Subject(s)
COVID-19/epidemiology , Hospitalization/statistics & numerical data , Arthroplasty, Replacement, Hip/statistics & numerical data , Arthroplasty, Replacement, Knee/statistics & numerical data , Breast Neoplasms/pathology , Breast Neoplasms/surgery , COVID-19/therapy , COVID-19/virology , Female , Hospitalization/trends , Humans , Italy , Lung Neoplasms/pathology , Lung Neoplasms/surgery , Male , Prostatic Neoplasms/pathology , Prostatic Neoplasms/surgery , Quarantine , Retrospective Studies , SARS-CoV-2/isolation & purification , ST Elevation Myocardial Infarction/pathology , ST Elevation Myocardial Infarction/therapy
16.
Korean J Radiol ; 22(12): 1938-1945, 2021 12.
Article in English | MEDLINE | ID: covidwho-1497013

ABSTRACT

Breast radiologists are increasingly seeing patients with axillary adenopathy related to COVID-19 vaccination. Vaccination can cause levels I-III axillary as well as cervical lymphadenopathy. Appropriate management of vaccine-related adenopathy may vary depending on clinical context. In patients with current or past history of malignancy, vaccine-related adenopathy can be indistinguishable from nodal metastasis. This article presents imaging findings of oncology patients with adenopathy seen in the axilla or neck on cross-sectional imaging (breast MRI, CT, or PET-CT) after COVID-19 vaccination. Management approach and rationale is discussed, along with consideration on strategies to minimize false positives in vaccinated cancer patients. Time interval between vaccination and adenopathy seen on breast MRI, CT, or PET-CT is also reported.


Subject(s)
Breast Neoplasms , COVID-19 , Lymphadenopathy , Vaccines , Axilla , Breast Neoplasms/diagnostic imaging , COVID-19 Vaccines , Female , Fluorodeoxyglucose F18 , Humans , Lymphadenopathy/diagnostic imaging , Magnetic Resonance Imaging , Positron Emission Tomography Computed Tomography , SARS-CoV-2
17.
Breast Cancer Res Treat ; 189(1): 285-296, 2021 Aug.
Article in English | MEDLINE | ID: covidwho-1491193

ABSTRACT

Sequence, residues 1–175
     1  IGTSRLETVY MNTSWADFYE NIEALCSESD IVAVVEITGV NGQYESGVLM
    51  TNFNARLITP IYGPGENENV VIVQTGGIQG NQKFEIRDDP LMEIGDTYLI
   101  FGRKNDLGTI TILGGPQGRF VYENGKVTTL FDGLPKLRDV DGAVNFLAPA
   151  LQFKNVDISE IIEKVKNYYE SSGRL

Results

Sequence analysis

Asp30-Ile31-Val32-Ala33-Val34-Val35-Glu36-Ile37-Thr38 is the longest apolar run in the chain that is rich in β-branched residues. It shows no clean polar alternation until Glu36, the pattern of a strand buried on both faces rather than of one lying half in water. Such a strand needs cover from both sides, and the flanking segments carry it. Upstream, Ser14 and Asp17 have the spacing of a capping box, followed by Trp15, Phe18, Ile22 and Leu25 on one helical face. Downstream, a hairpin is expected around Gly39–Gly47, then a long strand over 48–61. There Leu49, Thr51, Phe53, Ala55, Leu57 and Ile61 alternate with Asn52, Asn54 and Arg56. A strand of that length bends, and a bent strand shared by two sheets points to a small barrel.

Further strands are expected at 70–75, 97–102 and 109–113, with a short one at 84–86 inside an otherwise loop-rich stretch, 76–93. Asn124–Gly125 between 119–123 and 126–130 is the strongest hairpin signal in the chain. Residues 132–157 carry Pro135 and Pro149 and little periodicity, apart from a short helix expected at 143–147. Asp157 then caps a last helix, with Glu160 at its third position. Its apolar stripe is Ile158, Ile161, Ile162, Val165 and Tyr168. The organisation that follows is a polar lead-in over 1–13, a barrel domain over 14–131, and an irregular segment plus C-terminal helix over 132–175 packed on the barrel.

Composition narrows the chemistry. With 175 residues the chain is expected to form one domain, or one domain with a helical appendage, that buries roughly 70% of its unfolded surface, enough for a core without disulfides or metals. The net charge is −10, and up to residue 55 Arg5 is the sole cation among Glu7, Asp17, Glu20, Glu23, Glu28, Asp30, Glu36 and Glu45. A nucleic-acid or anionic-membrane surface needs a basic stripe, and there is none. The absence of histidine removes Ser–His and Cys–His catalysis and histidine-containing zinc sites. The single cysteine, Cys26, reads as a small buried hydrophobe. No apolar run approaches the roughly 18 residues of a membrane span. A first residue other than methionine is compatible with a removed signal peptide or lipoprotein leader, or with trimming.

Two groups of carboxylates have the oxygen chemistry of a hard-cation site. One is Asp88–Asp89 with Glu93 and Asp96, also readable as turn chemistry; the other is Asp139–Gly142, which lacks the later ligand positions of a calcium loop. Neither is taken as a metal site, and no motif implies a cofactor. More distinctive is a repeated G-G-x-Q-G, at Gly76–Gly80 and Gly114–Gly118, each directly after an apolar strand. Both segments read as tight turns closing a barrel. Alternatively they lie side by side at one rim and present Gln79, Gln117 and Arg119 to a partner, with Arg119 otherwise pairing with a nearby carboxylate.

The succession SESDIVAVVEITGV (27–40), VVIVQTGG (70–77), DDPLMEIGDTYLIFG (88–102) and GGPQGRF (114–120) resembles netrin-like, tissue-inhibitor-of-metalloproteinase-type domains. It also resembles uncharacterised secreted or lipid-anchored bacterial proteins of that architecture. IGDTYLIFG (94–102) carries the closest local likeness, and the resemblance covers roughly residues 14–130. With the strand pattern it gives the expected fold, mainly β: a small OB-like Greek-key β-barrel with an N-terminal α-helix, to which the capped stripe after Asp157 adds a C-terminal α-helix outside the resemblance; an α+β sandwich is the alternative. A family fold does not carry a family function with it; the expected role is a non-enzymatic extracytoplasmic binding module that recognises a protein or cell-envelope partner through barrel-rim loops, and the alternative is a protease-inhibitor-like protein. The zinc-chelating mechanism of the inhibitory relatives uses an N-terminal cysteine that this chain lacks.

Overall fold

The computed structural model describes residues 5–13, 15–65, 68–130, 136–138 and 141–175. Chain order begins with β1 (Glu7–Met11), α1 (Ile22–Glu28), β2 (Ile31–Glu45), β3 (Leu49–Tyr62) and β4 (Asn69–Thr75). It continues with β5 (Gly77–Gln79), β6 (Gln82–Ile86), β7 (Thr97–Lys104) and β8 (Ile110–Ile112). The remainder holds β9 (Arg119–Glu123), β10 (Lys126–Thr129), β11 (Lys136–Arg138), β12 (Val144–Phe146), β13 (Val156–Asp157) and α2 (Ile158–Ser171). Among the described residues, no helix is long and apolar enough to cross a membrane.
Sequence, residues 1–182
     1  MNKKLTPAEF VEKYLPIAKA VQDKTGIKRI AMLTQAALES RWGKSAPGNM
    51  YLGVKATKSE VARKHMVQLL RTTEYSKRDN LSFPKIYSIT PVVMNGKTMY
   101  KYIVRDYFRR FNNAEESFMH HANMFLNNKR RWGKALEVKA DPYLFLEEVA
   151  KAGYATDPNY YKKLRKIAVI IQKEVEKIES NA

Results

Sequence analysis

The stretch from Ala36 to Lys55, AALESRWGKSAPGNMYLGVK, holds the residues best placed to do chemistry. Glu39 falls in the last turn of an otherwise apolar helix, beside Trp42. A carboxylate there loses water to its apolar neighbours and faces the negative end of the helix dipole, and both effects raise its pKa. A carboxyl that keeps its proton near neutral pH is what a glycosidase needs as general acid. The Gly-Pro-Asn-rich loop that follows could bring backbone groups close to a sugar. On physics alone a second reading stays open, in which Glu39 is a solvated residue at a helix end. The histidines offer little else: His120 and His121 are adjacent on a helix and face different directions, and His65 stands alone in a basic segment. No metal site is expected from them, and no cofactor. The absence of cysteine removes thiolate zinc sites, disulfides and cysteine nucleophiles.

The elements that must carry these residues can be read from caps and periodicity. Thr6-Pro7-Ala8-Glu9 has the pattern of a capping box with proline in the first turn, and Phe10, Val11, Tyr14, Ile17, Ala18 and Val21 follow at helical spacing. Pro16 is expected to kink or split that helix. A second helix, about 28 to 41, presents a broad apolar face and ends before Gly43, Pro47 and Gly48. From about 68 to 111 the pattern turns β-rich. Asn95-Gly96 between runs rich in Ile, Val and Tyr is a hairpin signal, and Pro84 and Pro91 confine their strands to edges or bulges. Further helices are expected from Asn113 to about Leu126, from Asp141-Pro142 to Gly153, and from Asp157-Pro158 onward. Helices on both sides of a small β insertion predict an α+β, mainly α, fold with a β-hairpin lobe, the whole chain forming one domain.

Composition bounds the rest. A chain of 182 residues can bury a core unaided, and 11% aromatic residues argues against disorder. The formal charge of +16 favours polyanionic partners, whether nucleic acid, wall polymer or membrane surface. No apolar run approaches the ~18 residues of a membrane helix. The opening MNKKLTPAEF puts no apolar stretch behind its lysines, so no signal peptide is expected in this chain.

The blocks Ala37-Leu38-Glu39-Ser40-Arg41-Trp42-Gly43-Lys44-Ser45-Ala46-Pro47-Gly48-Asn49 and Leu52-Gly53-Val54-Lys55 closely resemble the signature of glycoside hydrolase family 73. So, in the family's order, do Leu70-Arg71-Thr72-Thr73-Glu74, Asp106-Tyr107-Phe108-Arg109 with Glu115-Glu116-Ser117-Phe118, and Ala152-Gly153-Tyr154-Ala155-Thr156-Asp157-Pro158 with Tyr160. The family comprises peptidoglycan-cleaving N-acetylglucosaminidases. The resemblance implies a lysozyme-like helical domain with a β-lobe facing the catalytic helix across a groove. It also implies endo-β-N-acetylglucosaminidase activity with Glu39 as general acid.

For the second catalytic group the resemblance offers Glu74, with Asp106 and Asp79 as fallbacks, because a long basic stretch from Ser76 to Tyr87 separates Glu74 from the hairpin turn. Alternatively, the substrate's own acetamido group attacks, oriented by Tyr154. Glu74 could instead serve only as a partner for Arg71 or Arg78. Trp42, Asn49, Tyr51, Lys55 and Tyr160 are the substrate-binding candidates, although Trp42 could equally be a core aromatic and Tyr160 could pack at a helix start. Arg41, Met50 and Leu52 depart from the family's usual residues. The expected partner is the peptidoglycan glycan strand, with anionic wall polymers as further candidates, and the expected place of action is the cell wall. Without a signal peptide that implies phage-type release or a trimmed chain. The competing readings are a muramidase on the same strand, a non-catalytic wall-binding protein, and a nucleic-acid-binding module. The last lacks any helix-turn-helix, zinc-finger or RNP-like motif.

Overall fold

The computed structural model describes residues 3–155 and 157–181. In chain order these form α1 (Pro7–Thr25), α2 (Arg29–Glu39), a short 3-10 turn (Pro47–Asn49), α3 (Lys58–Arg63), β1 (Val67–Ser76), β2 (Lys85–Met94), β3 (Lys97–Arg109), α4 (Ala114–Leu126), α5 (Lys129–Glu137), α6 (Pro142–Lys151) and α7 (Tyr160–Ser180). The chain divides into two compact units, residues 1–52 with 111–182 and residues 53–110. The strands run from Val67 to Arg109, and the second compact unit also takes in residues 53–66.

PURPOSE: Advanced breast cancer (BC) at diagnosis is common in sub-Saharan Africa (SSA), including among women living with HIV (WLWH). In public hospitals across South Africa (SA), 10-15% of women present with stage IV BC, compared to < 5% in the United States (US); 20% of new BC diagnoses in SA are in WLWH. We evaluated the impact of HIV on overall survival (OS) among women with stage IV BC. METHODS: We conducted a prospective cohort study of women diagnosed with stage IV BC between February 2, 2015 and September 18, 2019 at six public hospitals in SA. Multivariate Cox regression models were used to estimate the association between HIV status and OS. RESULTS: Among 550 eligible women, 147 (26.7%) were WLWH. Compared to HIV-negative BC patients, WLWH were younger (median age 45 vs. 60 years, p < 0.001), predominantly black (95.9% vs. 77.9%, p < 0.001), and more likely to have hormone receptor-negative (hormone-negative) BC (32.7% vs. 22.6%, p = 0.016). Most women received systemic cancer-directed therapy (80.1%). HIV status was not associated with treatment or OS (Hazard Ratio (HR) 1.13 [95%CI 0.89-1.44]). On exploratory subgroup analysis, WLWH and hormone-negative BC had shorter OS compared to HIV-uninfected women (1-year OS: 27.1% vs. 48.8%, p = 0.003; HR 1.94 [95%CI 1.27-2.94]; p = 0.002), which was not observed for hormone receptor-positive BC. CONCLUSION: HIV status was not associated with worse OS in women with stage IV BC in SA and cannot account for the poor survival in this cohort. Subgroup analysis revealed that WLWH with hormone-negative BC had worse OS, which warrants further investigation.